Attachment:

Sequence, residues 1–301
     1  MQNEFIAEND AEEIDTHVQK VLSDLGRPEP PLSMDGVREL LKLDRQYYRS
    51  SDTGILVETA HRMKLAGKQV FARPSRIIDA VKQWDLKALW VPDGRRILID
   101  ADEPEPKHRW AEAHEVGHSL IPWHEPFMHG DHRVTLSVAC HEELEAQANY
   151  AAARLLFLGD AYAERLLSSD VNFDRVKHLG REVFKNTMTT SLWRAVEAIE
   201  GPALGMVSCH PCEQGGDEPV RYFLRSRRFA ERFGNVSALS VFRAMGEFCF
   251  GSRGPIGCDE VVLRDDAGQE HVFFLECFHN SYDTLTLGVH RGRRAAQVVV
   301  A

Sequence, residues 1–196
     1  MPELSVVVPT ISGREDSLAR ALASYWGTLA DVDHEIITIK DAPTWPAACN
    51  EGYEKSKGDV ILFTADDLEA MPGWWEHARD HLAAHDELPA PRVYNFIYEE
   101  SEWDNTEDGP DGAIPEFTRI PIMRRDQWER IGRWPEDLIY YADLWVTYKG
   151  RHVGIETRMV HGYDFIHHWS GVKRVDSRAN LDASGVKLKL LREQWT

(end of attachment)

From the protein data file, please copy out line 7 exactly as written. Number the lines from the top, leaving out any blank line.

   251  GSRGPIGCDE VVLRDDAGQE HVFFLECFHN SYDTLTLGVH RGRRAAQVVV